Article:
The minutes are now published and available for review. Reference group minutes, 29 July
301A- Renewal of supervision arrangement [PDF, 336 KB] - (required for PLH who are renewing their licence under the inspection stream).
If you are seeking to renew your current supervision arrangement, please make sure to complete the current version (July 2020) to avoid any delays in lodging your application.
Upgrade form [PDF, 528 KB] – the Licensing Team is in the process of reviewing and updating the current application form. If you are seeking to upgrade, check our website for the current application form.
As part of mandatory continuing professional development, all licensed immigration advisers must attend at least one webinar during their annual licensing period.
Our first Zoom webinar for this year took place on 15th July 2020. For those that were able to attend the live session, you should have received an email to confirm your attendance the following day.
If you were unable to join the live webinar session, you can now register to watch a recording of the live session.
The presentation slides are also available for you to download in PDF format. You will find these below the registration link on our website.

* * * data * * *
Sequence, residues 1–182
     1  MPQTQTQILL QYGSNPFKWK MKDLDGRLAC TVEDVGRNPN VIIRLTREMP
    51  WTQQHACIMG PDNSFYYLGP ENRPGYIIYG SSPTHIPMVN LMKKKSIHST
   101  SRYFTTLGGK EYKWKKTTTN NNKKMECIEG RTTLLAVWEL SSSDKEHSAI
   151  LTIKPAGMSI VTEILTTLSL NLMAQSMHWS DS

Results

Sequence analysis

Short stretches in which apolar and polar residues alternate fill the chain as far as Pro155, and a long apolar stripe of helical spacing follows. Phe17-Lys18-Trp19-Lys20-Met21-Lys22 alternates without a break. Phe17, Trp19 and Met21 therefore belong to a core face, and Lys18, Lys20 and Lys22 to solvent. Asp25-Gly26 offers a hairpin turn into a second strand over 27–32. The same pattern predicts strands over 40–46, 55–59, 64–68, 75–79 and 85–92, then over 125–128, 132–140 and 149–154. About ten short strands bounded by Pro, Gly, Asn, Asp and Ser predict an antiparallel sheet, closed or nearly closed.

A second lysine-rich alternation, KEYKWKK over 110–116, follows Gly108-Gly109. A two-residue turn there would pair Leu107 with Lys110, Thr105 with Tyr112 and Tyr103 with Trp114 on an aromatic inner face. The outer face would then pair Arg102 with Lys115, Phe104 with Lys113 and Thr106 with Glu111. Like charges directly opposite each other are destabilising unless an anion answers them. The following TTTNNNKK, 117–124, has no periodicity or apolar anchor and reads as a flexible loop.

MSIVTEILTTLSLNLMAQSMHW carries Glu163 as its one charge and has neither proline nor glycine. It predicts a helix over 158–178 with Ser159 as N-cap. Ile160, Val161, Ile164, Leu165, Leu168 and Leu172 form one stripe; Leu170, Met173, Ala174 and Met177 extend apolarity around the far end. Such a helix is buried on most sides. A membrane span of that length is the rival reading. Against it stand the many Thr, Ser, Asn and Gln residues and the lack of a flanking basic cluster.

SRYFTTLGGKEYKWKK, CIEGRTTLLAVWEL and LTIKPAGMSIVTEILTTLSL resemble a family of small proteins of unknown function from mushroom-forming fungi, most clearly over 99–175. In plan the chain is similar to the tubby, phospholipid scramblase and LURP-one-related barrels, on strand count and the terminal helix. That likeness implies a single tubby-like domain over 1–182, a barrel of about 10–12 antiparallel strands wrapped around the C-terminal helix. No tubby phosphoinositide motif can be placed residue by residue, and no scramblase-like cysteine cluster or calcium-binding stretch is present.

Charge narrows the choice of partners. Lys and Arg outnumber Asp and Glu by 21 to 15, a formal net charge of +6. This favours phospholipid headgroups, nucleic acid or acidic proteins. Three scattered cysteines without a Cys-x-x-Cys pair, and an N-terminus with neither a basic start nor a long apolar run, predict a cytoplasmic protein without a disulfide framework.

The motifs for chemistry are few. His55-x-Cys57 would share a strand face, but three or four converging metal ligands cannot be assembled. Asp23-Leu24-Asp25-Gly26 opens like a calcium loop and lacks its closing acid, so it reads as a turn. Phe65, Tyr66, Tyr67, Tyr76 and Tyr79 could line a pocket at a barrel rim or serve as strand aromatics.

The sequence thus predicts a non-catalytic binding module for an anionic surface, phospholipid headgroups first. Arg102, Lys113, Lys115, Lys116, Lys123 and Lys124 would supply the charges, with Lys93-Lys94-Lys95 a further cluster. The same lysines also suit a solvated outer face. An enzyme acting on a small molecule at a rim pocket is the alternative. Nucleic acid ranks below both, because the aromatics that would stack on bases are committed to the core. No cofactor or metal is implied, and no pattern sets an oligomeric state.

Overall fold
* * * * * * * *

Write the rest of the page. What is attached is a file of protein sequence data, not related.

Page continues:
Ensure that your records and evidence meet the requirements as set out in the CPD Toolkit, available online.
The IAA is always looking to improve our webinars and we are keen to hear what topics you would like to see in future webinars. Please send any feedback or ideas to firstname.lastname@example.org with the subject line “Feedback-Webinar”.
Licence ID packs
We have recently had a number of returned/ missing Licence ID packs as no one has been available to receive them.
We understand that some advisers may still be unable to work from their usual business address during these uncertain times. If you are planning to renew your licence online and are unable to receive mail to your business address (as listed on the public Register), please contact the Authority to confirm a suitable alternative address, which is not a PO Box prior to submitting your application.
Note: Licence ID packs are couriered to your registered business address, so someone is available to receive it during business hours.
An alternate delivery address must be sent to email@example.com. Please wait for the Authority to confirm receipt of the request before you finalise your online renewal application.
In a recent decision the Immigration Advisers Complaints & Disciplinary Tribunal has again made mention of the obligation on a licensed immigration adviser to manage their workload so they can fulfil their professional obligations to clients. In Y(O)R v Tian  NZIACDT 36, the Tribunal stated:
“…It is not clear whether [the adviser’s] unprofessional conduct is caused by a casual attitude to her clients or simply overwork. Even if the latter, that does not mitigate her wrongdoing. [The adviser] is responsible for regulating her workflow so she can professionally attend to every client instruction. If she cannot find staff, she should turn work away”.
New decisions are appearing regularly and I encourage you to save the following link as a bookmark.